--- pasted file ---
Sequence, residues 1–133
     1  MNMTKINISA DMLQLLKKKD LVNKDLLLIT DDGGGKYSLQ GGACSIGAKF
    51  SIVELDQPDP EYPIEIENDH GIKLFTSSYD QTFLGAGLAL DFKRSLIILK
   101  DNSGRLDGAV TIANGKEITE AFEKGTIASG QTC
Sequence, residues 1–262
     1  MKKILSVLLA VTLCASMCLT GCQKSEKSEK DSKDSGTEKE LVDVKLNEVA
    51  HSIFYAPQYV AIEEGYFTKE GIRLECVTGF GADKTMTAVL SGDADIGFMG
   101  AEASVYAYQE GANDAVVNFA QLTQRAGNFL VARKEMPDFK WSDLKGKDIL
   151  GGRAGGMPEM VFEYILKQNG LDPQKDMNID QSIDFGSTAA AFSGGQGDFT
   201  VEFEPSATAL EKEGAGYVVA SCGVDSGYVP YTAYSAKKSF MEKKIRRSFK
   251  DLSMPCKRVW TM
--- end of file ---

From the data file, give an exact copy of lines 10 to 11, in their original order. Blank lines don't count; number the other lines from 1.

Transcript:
   201  VEFEPSATAL EKEGAGYVVA SCGVDSGYVP YTAYSAKKSF MEKKIRRSFK
   251  DLSMPCKRVW TM